UNITED STATES DISTRICT COURT CENTRAL DISTRICT OF CALIFORNIA
November 2, 2011
KARAPET GAYANYAN, AN INDIVIDUAL, PLAINTIFF,
TRAVELERS INSURANCE COMPANY, DEFENDANT.
The opinion of the court was delivered by: Dean D. Pregerson United States District Judge
ORDER DENYING PLAINTIFF'S MOTION TO REMAND
[Dkt. No. 14]
Presently before the court is Plaintiff's Motion to Remand. Plaintiff contends that this case should be remanded because Defendant, like Plaintiff, is a citizen of California, and therefore the parties are not diverse. (Motion at 8.)
Plaintiff concedes that the proper test for determining a corporation's principal place of business for purposes of establishing diversity of citizenship is laid out in Hertz Corp. v. Friend, 130 S.Ct. 1181 (2010). (Reply at 3.) In Hertz, the Supreme Court explained that a corporation's principal place of business is the place "where a corporation's officers direct, control, and coordinate the corporation's activities." Hertz, 130 S.Ct. at 1192. This single location is also sometimes described as a corporation's "nerve center." Id. Generally, a corporation's headquarters is also the "nerve center." Id.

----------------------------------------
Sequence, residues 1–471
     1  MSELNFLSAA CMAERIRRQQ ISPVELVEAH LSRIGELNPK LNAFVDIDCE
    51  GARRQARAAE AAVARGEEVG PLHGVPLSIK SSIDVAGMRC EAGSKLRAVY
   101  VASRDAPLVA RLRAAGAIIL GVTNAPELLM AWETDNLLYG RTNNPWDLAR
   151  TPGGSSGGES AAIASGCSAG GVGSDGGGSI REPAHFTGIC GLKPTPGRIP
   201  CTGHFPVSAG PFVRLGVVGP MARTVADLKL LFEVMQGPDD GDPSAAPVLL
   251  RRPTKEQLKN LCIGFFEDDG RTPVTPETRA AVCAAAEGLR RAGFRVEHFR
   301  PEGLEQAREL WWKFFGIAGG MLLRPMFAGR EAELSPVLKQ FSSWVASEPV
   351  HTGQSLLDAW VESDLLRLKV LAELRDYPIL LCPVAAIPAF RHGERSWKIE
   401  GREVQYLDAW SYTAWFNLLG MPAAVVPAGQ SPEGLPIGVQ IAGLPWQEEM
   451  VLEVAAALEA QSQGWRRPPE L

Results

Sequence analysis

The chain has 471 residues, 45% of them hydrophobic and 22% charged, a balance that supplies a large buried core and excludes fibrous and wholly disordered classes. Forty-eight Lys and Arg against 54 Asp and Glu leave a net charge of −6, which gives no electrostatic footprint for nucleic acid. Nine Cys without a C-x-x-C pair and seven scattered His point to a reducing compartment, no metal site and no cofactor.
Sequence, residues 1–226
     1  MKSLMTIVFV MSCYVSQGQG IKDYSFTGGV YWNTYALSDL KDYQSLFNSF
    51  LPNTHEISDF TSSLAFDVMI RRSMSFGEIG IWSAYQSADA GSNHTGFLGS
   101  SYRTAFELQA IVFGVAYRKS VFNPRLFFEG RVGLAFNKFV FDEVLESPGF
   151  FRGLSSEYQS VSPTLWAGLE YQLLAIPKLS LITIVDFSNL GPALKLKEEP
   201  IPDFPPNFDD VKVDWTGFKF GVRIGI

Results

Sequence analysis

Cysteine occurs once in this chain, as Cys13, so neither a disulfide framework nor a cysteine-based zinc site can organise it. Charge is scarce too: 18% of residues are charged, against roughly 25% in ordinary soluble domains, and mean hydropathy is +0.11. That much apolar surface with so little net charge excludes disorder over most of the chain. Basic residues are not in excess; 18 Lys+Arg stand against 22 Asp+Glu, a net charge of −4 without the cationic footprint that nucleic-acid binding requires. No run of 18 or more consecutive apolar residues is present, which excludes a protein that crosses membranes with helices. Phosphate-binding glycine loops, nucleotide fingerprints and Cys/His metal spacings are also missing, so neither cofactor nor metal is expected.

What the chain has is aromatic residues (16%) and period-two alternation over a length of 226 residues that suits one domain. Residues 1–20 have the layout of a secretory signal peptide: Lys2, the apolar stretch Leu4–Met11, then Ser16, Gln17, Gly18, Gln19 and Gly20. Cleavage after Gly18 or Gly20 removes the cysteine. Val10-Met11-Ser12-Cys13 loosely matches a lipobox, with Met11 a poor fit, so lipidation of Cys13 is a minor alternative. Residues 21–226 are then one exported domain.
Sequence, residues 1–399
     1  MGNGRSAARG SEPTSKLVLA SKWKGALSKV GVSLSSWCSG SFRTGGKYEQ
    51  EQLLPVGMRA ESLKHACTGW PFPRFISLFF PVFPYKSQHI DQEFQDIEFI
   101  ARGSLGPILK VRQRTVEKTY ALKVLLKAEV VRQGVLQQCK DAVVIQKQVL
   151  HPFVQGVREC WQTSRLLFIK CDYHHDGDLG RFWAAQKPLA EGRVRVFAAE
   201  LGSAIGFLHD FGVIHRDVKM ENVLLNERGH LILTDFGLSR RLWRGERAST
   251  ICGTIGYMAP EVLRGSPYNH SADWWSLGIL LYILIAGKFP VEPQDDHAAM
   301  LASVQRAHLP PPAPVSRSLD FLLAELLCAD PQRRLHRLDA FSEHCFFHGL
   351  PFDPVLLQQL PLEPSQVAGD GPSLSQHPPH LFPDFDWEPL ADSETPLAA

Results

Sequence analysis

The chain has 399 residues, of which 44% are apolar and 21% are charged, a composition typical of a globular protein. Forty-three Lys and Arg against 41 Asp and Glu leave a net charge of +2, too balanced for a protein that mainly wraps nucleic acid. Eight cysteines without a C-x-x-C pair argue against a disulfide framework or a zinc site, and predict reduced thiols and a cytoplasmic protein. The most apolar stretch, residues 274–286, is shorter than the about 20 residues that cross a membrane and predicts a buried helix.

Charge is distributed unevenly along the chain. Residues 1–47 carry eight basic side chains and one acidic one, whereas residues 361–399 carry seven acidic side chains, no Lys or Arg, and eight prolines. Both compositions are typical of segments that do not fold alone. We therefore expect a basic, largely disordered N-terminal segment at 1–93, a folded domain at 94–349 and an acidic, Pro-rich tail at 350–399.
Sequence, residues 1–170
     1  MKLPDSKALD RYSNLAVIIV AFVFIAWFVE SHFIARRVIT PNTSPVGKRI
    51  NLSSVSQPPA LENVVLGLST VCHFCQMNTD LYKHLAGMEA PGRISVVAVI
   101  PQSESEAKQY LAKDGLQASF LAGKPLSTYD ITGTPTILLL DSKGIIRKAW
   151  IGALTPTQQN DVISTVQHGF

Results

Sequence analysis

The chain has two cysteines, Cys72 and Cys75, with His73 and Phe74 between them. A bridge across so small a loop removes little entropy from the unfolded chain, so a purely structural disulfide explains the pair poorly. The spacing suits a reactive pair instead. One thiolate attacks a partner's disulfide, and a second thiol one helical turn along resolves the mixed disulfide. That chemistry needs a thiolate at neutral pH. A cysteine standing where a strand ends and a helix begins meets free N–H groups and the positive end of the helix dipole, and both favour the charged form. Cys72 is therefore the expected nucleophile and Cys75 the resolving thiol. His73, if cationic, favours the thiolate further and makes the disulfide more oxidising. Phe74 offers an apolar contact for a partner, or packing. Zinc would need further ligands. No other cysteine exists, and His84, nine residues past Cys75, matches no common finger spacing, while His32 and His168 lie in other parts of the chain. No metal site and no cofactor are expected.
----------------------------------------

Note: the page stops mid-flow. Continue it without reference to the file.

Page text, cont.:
Plaintiff asserts that because his particular insurance claim was handled in Defendant's California office, California is Defendant's "nerve center." (Reply at 4-5.) The court disagrees. Defendant has established that its home office, main administrative office, and main records archives are located in Connecticut. (Declaration of Wendy Skjerven ¶ 4.) Many of Defendant's senior officers and the majority of Defendant's Board of Directors are also located in Connecticut. (Skjerven Dec. ¶ 5.) Executive meetings regarding business management decisions take place primarily in Connecticut. (Id.)
The court is satisfied that Defendant's principal place of business is in Connecticut. Accordingly, the parties are diverse, and this court has jurisdiction over Plaintiff's complaint under 28 U.S.C. § 1332. Plaintiff's motion is, therefore, DENIED.
IT IS SO ORDERED.
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